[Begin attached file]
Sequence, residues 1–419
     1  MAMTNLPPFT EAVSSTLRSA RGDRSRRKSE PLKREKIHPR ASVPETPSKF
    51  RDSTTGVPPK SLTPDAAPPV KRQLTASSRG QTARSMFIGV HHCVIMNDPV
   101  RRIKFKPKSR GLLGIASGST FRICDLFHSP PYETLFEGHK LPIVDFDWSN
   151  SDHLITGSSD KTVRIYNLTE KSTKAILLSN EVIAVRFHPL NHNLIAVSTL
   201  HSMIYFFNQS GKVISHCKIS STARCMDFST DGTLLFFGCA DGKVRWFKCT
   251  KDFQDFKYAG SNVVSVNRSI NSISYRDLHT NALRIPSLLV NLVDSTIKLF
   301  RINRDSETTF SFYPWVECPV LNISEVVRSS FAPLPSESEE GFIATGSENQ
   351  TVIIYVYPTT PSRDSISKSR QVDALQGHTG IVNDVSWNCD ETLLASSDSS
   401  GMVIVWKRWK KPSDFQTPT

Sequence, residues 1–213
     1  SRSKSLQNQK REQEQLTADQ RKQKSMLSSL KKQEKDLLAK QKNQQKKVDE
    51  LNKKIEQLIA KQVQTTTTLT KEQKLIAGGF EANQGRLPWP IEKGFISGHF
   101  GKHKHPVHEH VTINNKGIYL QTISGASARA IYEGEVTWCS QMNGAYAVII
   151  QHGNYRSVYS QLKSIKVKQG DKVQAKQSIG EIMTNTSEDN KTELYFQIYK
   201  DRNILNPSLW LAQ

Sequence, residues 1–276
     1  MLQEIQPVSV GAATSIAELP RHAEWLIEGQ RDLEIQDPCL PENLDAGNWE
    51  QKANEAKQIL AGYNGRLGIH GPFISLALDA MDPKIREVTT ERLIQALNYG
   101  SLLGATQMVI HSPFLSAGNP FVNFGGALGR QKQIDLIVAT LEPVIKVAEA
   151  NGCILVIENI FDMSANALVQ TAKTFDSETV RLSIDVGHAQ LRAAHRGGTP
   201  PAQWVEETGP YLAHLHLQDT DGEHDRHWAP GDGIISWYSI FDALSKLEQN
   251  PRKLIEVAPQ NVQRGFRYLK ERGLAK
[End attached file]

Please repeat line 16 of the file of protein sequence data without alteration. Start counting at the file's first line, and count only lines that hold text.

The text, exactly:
   201  DRNILNPSLW LAQ